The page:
Biographical Info

    I am currently a PhD candidate in the Biological Sciences program at the University of Maryland, College Park in the laboratory of Dr. Alexandra Bely. I earned my Bachelor of Science in Biology at the Georgia Institute of Technology in 2013, where I was mentored by Dr. Terry Snell. I was born and raised in the Atlanta, GA area. Powder Springs Elementary spelling bee champion of '02. When not teaching or working on my dissertation, I enjoy writing and playing music, being in nature, cooking, reading (politics, philosophy, & horror mostly—and a little bit of science, too), and writing fiction.


    Kelsi Rutledge
    Biomechanic, Organismal Biologist
    PhD Student
    UCLA
    kelsi.rutledge@gmail.com
    Personal Website
    Twitter
    Research Summary

    I am generally interested in how animals move and sense in their environment. My current research explores the macroscale principles of chemoreception in batoid fishes, specifically how their nasal morphology influences odorant capture at differing Reynolds numbers. Additional questions I have pursued and published on include: the material properties and mechanics of stingray jaws, the kinematics of rigid-body boxfish swimming, guitarfish taxonomy and systematics, and the ecology of fishes living in restored reef habitats.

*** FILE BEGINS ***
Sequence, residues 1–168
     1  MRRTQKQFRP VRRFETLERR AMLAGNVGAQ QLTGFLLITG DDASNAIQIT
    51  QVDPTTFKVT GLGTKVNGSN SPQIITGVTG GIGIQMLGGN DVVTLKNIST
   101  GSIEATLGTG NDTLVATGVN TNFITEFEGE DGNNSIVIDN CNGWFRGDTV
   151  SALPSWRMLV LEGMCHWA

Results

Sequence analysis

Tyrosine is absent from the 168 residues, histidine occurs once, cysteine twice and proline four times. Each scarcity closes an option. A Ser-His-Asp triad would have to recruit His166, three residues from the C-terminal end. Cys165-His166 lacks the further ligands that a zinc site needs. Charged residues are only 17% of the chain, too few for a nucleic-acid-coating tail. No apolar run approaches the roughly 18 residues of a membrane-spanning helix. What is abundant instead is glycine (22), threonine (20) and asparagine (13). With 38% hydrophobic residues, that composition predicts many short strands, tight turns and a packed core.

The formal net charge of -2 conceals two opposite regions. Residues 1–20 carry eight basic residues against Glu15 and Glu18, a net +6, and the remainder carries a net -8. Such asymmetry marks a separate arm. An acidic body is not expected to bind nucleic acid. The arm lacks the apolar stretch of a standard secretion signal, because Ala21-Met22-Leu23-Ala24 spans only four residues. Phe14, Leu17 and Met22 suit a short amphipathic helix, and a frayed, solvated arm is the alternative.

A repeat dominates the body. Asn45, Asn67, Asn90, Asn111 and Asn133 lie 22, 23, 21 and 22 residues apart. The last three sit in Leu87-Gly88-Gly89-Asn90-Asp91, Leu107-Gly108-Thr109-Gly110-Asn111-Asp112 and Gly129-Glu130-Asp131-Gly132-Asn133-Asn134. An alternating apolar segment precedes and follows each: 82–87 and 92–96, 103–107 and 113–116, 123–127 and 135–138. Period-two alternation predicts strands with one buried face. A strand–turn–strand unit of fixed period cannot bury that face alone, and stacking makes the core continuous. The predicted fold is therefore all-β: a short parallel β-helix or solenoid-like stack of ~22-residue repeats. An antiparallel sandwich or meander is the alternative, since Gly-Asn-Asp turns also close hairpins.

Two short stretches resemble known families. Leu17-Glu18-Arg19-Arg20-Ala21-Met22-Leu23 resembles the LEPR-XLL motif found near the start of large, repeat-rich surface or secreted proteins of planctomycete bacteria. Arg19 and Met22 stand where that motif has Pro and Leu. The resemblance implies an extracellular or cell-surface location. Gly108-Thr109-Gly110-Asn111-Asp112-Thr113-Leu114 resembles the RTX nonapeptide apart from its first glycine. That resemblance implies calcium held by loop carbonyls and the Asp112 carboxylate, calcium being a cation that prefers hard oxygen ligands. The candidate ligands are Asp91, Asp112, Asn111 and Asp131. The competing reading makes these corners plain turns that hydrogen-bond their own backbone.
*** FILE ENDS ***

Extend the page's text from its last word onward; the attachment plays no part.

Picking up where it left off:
Biographical Info

    I am a PhD student at UCLA where I collaborate interdepartmentally with biology and mechanical engineering.


    Scott Santos
    Organismal Biologist
    Professor & Chair
    Auburn University
    Department of Biological Sciences
    santos@auburn.edu
    Twitter
    Research Summary

    Research in the Santos Lab focuses on population genetics, resource conservation, genomic evolution and symbiosis biology in aquatic (both freshwater and marine) and terrestrial microbes and multi-cellular organisms. We utilize a variety of molecular tools and computational approaches in these pursuits.


    Biographical Info

    Scott Ross Santos earned his Bachelor in Science (with Distinction) in Zoology from the University of Hawaii at Manoa in 1996 and his PhD from the Department of Biological Sciences at the State University of New York at Buffalo as a National Science Foundation (NSF) Minority Graduate Fellow in 2002. Following a two-year postdoctoral position at the University of Arizona, Scott accepted an assistant professorship in the Department of Biological Sciences at Auburn University in Auburn, Alabama in 2004. Along with serving as a Program Director in the Division of Integrated Organismal Systems (IOS) at the National Science Foundation from 2015-2017, he currently is Professor & Chair Department of Biological Sciences at Auburn University.